Michigan’s Upper Peninsula is home to some of the most beautiful sights in the state. Rugged sandstone cliffs along the shoreline of Lake Superior are shaped by groundwater filtering through cracks in the rock. During winter, this water freezes and creates breathtaking displays called ice caves. There are many areas around the lake where ice caves can be found, but some of the most impressive are on Grand Island. To get inside a cave, visitors have to have a certain amount of luck. Due to the nature of the freeze-thaw cycle, entry points may have completely frozen over, making the interior of the caves inaccessible. With enough luck, visitors will be treated to stunning blue and white ice walls that you won’t find anywhere else.
The Castillo de San Marcos (St. Mark’s Castle) is the continental United States’ oldest masonry fort. It was designed by Spanish engineer Ignacio Daza and built on the western side of Matanzas Bay in St. Augustine, Florida. It took 23 years to construct and has stood for over 325 years since. It’s known for its masonry star shape and unusual coquina walls made of countless tiny shells held together by a special type of mineral. The Castillo de San Marcos is an enduring symbol of Spain’s part in US history.
Monument Valley is located on the Colorado Plateau, an area known for its huge sandstone buttes and red sand. It is most famous for its Mitten and Merrick Buttes, which featured in the background of several Hollywood blockbusters about the American West. Thousands of visitors travel to Monument Valley each year to take a tour through Monument Valley Navajo Tribal Park, the Navajo Nation equivalent of a national park. The harsh, yet beautiful landscape inspires countless photographers and artists to this day.
The Palace of Fine Arts was constructed during the 1915 Panama-Pacific Exposition and is the only such building still standing. It was designed by Bernard Maybeck and is a 162-foot-high open rotunda with a lagoon on one side and exhibition center on the other. It features impressive columns and archways and is a piece of architecture one might expect to see in a fantasy film. In fact, it has appeared in several movies over the years and continues to be used as a venue for important events, both public and private.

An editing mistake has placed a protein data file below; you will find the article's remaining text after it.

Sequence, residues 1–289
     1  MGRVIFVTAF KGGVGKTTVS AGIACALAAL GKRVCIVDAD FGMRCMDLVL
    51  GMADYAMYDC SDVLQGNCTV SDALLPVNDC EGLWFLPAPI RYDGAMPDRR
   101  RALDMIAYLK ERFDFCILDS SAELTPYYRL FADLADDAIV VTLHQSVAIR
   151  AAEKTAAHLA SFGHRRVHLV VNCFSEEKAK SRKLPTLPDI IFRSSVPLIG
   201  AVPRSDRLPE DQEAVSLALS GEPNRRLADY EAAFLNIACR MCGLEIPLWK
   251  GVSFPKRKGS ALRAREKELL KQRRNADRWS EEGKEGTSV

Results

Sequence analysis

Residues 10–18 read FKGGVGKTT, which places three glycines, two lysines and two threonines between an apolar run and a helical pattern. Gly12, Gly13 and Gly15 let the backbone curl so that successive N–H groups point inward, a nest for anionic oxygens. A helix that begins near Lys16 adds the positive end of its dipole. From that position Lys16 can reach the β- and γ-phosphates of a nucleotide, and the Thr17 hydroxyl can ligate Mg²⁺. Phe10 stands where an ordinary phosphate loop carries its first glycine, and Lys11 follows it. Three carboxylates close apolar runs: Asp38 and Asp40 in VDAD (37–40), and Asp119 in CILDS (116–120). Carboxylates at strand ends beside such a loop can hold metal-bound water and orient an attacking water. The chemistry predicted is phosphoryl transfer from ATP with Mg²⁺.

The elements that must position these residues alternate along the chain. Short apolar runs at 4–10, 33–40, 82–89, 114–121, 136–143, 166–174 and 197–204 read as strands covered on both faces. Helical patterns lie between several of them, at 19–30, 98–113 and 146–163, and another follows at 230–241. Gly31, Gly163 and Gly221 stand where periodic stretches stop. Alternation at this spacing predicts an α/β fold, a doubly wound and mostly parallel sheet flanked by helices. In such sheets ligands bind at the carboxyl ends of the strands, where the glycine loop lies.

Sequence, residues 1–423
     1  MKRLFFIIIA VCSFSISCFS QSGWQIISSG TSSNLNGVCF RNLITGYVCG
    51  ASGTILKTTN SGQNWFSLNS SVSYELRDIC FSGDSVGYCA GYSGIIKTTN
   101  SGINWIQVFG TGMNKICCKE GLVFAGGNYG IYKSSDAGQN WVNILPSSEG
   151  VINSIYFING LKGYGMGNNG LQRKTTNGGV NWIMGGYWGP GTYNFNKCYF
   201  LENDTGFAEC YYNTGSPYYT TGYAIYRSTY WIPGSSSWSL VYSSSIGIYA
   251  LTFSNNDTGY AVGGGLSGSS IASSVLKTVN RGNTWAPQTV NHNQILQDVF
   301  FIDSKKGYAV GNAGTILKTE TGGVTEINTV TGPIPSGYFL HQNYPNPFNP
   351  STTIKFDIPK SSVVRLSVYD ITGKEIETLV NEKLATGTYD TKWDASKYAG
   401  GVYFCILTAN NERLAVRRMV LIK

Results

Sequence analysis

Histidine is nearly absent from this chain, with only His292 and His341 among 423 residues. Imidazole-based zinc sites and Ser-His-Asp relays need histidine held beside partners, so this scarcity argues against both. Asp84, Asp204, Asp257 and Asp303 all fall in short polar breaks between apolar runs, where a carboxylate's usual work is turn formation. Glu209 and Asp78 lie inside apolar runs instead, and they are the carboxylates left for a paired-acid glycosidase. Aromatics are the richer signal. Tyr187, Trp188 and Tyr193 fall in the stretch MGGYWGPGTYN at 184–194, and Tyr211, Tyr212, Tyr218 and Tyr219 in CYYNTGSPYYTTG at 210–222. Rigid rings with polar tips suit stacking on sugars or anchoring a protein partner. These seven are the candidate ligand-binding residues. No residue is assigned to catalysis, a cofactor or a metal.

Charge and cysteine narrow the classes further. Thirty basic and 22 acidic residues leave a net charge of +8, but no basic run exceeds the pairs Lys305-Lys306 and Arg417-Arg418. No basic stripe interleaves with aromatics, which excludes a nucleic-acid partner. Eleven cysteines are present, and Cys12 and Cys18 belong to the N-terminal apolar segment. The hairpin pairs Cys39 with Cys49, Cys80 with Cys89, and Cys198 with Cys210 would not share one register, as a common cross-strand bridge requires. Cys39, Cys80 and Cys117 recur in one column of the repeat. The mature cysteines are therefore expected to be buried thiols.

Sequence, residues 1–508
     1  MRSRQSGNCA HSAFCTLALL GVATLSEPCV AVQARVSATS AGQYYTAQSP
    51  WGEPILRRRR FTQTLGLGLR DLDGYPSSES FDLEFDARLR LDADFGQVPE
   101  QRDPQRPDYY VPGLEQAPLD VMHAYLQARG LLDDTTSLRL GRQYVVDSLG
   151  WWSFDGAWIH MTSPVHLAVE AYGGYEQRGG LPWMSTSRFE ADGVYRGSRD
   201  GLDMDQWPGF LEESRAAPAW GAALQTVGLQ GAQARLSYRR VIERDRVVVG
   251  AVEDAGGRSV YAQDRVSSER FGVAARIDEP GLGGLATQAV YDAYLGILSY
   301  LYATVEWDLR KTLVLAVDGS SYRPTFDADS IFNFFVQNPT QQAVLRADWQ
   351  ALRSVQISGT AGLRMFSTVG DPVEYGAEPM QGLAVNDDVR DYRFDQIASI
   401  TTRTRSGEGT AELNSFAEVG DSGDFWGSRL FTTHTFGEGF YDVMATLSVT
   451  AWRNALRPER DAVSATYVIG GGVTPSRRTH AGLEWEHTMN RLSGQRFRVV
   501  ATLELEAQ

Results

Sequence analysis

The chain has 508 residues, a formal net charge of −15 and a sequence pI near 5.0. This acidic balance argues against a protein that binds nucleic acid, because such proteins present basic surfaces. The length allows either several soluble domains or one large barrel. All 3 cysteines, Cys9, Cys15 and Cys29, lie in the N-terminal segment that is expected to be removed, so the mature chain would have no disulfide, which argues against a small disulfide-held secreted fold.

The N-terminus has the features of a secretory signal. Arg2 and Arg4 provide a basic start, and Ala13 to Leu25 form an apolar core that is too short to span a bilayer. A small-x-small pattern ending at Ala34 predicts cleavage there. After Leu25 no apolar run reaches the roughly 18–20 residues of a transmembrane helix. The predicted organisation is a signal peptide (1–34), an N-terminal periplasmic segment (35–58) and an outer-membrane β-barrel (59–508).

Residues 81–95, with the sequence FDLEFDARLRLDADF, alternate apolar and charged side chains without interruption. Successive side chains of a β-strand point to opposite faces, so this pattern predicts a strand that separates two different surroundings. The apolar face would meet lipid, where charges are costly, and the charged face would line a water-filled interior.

The Florida Everglades are one of the most famous natural areas of the southeastern United States. They begin near Orlando at the Kissimmee River, travel through Lake Okeechobee, and continue south before reaching the Florida Bay. The Everglades were designated a Wetland Area of Global Importance by UNESCO in the 1970s and have been part of extensive conservation efforts ever since. In total, the Everglades’ massive network of wetlands, forests, and rivers, are home to countless species, including 36 that are threatened or protected. This includes the Florida panther, American crocodile, and West Indian manatee. Of course, it’s also home to its most famous reptile, the American alligator.
The Great Smoky Mountains are located on the border of Tennessee and North Carolina and run from the Pigeon River to the Little Tennessee River. The range earned its name from the mist and fog that usually blankets the valleys and other lower elevations. This is due to the heavy annual rainfall the mountains receive and the relatively warm temperatures. Combined with sunrises and sunsets, the “smoke” makes for beautiful views visitors don’t soon forget. In fact, Great Smoky Mountains National Park hosts over 11 million visitors per year.